NEW YORK (Reuters) - Merrill Lynch & Co Inc on Thursday said it took a $14.1 billion writedown and adjustments in the fourth quarter as bad subprime mortgage bets forced the brokerage to sell pieces of the company to foreign investors to raise capital.
Analysts expected Merrill’s write-down to land anywhere from $10 billion to $15 billion. For the year, Merrill’s subprime mortgage-related losses totaled nearly $23 billion.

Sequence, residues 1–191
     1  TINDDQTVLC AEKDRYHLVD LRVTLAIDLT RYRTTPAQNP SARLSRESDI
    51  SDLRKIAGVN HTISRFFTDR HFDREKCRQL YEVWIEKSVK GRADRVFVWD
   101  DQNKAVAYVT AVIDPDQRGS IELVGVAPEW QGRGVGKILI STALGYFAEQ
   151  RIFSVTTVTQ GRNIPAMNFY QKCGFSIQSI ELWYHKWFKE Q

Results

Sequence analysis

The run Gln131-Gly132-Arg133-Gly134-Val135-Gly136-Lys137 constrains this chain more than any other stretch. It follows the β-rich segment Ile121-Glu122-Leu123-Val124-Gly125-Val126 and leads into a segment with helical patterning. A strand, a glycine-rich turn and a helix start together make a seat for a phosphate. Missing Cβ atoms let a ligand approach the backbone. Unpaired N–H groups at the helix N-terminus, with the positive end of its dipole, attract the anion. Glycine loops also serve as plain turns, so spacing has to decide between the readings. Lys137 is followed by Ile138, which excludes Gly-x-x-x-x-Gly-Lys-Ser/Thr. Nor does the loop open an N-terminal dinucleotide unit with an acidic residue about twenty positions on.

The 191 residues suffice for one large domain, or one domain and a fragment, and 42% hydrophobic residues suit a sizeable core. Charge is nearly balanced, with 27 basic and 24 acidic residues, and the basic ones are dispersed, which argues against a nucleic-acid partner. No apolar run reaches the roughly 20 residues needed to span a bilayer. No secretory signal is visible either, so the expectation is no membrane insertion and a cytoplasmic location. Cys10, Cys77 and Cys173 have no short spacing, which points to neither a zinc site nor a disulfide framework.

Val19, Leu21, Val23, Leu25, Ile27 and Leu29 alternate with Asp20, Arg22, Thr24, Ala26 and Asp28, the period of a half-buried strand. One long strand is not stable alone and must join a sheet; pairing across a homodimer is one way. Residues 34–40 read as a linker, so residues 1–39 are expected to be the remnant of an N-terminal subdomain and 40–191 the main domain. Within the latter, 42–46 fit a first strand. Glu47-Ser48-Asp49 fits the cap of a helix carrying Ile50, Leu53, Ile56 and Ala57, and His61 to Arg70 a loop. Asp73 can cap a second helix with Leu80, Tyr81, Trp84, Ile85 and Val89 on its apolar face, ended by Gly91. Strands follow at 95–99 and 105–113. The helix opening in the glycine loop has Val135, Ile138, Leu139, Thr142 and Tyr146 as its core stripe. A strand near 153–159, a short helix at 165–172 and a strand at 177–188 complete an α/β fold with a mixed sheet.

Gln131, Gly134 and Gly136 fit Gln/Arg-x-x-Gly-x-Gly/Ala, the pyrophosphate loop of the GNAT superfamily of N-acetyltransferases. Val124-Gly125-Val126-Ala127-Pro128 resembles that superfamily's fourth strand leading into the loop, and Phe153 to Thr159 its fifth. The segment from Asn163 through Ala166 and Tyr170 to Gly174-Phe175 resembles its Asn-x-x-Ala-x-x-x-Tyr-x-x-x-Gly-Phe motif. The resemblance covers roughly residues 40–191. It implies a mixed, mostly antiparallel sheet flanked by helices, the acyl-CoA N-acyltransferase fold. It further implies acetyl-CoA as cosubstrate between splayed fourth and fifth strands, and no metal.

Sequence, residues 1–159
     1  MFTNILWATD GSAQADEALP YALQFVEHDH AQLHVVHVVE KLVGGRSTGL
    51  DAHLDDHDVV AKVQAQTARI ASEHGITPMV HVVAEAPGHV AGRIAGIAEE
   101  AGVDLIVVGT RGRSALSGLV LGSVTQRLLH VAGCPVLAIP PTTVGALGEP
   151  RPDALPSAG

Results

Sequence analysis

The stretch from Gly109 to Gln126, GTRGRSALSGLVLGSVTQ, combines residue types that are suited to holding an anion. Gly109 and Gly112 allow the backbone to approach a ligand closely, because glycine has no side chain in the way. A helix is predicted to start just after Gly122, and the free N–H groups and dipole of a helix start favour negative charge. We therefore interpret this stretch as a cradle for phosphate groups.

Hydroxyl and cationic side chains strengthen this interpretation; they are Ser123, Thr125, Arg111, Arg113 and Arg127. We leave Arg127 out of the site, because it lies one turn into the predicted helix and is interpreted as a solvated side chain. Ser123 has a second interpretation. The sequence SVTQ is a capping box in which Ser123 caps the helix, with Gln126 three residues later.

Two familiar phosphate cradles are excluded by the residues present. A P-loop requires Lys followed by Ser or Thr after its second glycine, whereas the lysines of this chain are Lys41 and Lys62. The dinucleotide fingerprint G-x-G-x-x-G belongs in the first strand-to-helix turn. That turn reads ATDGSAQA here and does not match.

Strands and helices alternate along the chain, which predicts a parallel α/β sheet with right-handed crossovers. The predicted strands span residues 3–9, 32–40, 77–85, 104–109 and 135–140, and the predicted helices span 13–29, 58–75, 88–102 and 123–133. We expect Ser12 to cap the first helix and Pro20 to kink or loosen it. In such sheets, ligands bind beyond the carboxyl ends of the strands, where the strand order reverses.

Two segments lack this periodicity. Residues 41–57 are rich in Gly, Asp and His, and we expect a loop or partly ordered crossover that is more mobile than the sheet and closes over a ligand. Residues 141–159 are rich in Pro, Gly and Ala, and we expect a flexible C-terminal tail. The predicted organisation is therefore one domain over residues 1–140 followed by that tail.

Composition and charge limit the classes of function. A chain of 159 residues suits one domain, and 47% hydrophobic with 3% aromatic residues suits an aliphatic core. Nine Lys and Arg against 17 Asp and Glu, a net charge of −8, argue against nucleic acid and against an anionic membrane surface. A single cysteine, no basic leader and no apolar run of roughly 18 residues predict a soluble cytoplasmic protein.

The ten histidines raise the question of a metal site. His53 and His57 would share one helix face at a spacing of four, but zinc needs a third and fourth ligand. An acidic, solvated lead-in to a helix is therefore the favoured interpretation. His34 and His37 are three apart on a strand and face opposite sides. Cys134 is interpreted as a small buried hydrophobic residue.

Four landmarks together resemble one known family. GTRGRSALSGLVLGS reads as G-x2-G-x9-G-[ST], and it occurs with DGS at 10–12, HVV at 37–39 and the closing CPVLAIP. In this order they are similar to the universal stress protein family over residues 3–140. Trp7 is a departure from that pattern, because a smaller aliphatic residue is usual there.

Merrill reported a fourth-quarter net loss of $9.8 billion, or $12.01 a share, the largest in the company’s history. The world’s largest brokerage turned a profit of $2.3 billion, or $2.41 a share, in the year-ago period.
The results eclipse the $2.3 billion loss in the third quarter when Merrill recorded an $8.4 billion write-down.
In a statement, Chief Executive John Thain called the results “clearly unacceptable.” But in the past month, Merrill has fortified its balance sheet with nearly $13 billion in capital infusions from U.S. and Asian investors.
Reporting by Tim McLaughlin, editing by Mark Porter